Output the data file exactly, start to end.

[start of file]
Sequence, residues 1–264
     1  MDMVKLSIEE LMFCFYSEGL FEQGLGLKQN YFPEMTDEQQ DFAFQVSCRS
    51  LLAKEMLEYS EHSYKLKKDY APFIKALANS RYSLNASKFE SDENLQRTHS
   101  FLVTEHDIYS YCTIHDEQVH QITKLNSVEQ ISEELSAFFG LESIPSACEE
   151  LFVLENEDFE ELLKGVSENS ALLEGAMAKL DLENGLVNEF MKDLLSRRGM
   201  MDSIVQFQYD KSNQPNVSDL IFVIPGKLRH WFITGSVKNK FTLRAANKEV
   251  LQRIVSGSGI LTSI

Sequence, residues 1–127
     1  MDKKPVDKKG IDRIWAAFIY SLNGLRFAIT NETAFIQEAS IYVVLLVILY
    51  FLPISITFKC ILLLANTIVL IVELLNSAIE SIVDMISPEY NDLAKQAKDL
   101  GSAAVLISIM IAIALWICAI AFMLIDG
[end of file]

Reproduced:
Sequence, residues 1–264
     1  MDMVKLSIEE LMFCFYSEGL FEQGLGLKQN YFPEMTDEQQ DFAFQVSCRS
    51  LLAKEMLEYS EHSYKLKKDY APFIKALANS RYSLNASKFE SDENLQRTHS
   101  FLVTEHDIYS YCTIHDEQVH QITKLNSVEQ ISEELSAFFG LESIPSACEE
   151  LFVLENEDFE ELLKGVSENS ALLEGAMAKL DLENGLVNEF MKDLLSRRGM
   201  MDSIVQFQYD KSNQPNVSDL IFVIPGKLRH WFITGSVKNK FTLRAANKEV
   251  LQRIVSGSGI LTSI

Sequence, residues 1–127
     1  MDKKPVDKKG IDRIWAAFIY SLNGLRFAIT NETAFIQEAS IYVVLLVILY
    51  FLPISITFKC ILLLANTIVL IVELLNSAIE SIVDMISPEY NDLAKQAKDL
   101  GSAAVLISIM IAIALWICAI AFMLIDG